It was 7:45 in the evening. Dinner sat on the kitchen table getting cooler and cooler as I leaned against the counter, looking out onto the balcony, watching as the skyline glowed bright red against the setting sun. Sade played in the background, euphorically preparing me for the inevitable conversation I was going to have to have with my wife.
The doorknob jiggled, then stopped. Then, I heard keys fumbling around outside by the door and knew it was Prue. God, even her keys sounded indifferent. Trying my best to hide my anger at the fact that she was almost two hours late for a surprise I planned for her, I poured us both a glass of Merlot and waited patiently for her to enter our penthouse. Soon, I heard the door open, and the telltale clicking of Prue’s heels on the checkered marble floor. I smiled at first, but after a while, I was wondering why her heels could be heard clicking in every room of the house, except the one I was sitting in patiently waiting on her. It’s not like couldn’t smell the damn lasagna and garlic bread; the aroma was wafting everywhere. Even the neighbors came up and inquired about the wonderful smells seeping down onto their own balconies. Becoming incensed, I walked from the counter and into the living room, where I could hear her fumbling around in the bathroom.
“Prue”, I yelled down the hallway.
“I’m in the bathroom”, She curtly replied. “I’ll be out in a minute.”
Uh oh. It was bad enough that she just comes in without even bothering to announce herself, but now she was in one of her funks that I was in no mood to entertain. At this point, I had had enough of her pissy attitude, and her constant need to suck the fun out of everything around her just because her day was a mess. Well if you hate your job so much, then leave it, I said in my head, recalling the many times I told her that when she came in the house pouting and complaining to me about her boss and co-workers.
“Prue, we need to talk now“, I emphasized, again yelling down the hall.
“Damn it,” she screamed, slamming what sounded like the medicine cabinet. “I said I would be out in a min- Oh, great. Just great, Walt!! The mirror just broke.”
The bathroom door flung open and out darted Prue. She walked right past me, her hair dangling in a bun, that she appeared to be halfway done releasing her locs from their confined state. Without even making eye contact, she goes straight for the broom closet and gathers a dustpan.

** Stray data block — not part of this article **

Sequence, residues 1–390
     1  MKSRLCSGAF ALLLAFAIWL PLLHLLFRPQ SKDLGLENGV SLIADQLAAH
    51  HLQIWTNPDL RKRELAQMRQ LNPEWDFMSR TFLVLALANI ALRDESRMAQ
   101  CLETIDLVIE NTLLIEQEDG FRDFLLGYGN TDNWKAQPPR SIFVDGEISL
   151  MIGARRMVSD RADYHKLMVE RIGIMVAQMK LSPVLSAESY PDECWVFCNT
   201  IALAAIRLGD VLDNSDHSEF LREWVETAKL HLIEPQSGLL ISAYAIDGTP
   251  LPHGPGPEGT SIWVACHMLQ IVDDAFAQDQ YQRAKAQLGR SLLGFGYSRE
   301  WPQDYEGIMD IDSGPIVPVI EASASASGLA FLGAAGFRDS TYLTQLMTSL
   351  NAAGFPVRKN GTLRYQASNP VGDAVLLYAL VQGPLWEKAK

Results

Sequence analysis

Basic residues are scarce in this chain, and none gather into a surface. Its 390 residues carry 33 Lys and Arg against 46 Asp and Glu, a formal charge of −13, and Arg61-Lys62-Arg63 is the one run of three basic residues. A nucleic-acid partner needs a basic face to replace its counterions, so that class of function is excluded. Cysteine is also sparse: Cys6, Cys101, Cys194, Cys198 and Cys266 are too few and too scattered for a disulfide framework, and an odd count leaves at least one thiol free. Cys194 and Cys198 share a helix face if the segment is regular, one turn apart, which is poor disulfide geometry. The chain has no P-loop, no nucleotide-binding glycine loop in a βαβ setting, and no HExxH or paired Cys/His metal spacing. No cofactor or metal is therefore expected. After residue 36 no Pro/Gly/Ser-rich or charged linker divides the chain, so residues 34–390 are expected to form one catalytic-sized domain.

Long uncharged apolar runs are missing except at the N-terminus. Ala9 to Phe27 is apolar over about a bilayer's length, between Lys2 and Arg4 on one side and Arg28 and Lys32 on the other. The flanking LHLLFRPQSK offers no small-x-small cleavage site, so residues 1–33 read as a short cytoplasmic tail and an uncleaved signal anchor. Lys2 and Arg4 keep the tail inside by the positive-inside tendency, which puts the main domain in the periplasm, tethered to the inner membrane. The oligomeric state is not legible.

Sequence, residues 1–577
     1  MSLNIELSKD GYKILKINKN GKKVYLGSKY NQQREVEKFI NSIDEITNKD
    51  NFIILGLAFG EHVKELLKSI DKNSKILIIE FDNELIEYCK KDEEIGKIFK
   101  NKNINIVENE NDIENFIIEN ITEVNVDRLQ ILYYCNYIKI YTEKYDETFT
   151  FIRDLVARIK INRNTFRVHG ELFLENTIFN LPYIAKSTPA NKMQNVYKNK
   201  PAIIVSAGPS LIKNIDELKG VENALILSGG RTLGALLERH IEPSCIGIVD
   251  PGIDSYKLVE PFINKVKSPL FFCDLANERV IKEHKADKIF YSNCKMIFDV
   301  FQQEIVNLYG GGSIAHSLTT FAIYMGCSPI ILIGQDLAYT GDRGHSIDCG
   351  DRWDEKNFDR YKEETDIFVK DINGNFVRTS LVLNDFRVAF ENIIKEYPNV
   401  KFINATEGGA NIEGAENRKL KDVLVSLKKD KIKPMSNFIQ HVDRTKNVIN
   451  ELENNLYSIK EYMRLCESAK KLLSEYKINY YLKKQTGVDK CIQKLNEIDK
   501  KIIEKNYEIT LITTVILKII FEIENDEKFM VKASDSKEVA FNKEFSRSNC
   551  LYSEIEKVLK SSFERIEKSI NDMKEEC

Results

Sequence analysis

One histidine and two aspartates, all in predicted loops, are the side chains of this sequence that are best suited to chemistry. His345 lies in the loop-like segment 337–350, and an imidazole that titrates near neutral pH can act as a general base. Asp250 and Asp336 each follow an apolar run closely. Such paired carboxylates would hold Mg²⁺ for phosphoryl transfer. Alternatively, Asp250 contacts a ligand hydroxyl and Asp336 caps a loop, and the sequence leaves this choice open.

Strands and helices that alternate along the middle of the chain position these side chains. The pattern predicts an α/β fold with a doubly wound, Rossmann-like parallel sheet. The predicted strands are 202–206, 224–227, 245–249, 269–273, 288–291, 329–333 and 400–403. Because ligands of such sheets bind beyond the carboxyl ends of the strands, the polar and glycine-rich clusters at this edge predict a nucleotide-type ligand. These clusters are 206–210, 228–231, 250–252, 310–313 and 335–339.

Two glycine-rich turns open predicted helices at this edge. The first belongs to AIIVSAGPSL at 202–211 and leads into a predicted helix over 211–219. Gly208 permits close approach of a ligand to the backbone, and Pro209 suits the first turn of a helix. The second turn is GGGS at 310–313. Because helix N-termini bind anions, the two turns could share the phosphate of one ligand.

“What happened?” I asked.
With the nastiest scowl, she looked at me and went, “Gee, I was like ‘You know what would be new? If I use a dustpan to undo my bun.’ I guess you didn’t hear me when I said the mirror broke, huh?”
“Can you forget about the mirror and talk to me”, I earnestly requested, trying my best to avoid her barbs.
“We can talk after I pick up the glass”, She snapped. “The last I need is you cutting your foot on it and once again, blaming me for yet something else.”
“Yeah, it’s always ‘after’ with you, isn’t it?”, I snapped back, quickly losing my patience. “After you get back from you yoga class. After you finish working on your proposal for the boss you hate, but won’t shut the hell up talking about. After you finish ignoring me as usual so that you can go out again with your single girlfriends until 3 in the morning, and stagger in the house drunk, ready to fight, only to pass out and wake up the next morning acting like nothing happened!”
Prue kept her back to me, not saying a word. She continued cleaning up glass shards from the mirror that she had just broken. Deep down, I knew that this actually may have really been a bad time to talk to her, but after so many times of brushing it off and finally having the courage to address it, I was not about to back down now. And so it continued.
“Prue, can you even look at me?” I exclaimed to the back of her head. “Where have you been all of this time?
Letting out a disgusted sigh, she turns around and looks up at me, from her knees. “What are you talking about?”, She asked exasperatingly.
“You said that you would be home by 5. I specifically asked you when you’d be off on Friday, so that I could surprise you with a nice dinner and then a show. It’s 7 o’clock now, Prue, and you couldn’t be bothered to tell me you would be late?”
“First of all”, she started, getting up from the bathroom floor and facing me fully. “I didn’t even know that I would be late because Cathy rejected my project proposal at the last minute -“
“Ugh, here we go with the excuses”, I moaned.
“It’s not excuses”, Prue yelled. “Why don’t you stop interrupting me and let me explain myself… as if I even have to.”
“You heard me”, She said. “Why do I have to explain myself to you. It’s not like you even gave me any heads up that you were doing any of this. But of course you wouldn’t, because that would involve you actually having to listen to me and get my input. And lord knows you only give a damn about my input when it’s you telling me what my input should be!”
“Don’t you try to turn this around on me”, I shouted at her. “And besides, it was supposed to be a surprise. Hence, why I didn’t say anything about it.”
“Well, who the hell asked you to do anything?” She shouted back, stepping past me with her heels clicking on the floor with a ferocity. “All I wanted to do was uncurl, take my heels off – which I haven’t been able to do since I stepped into this freaking place – unwind with a nice glass of Pinot Grigio, and just relax. But no, as usual, you have to take your own feelings into consideration and just do whatever the hell you want, assuming that it’s what I want.”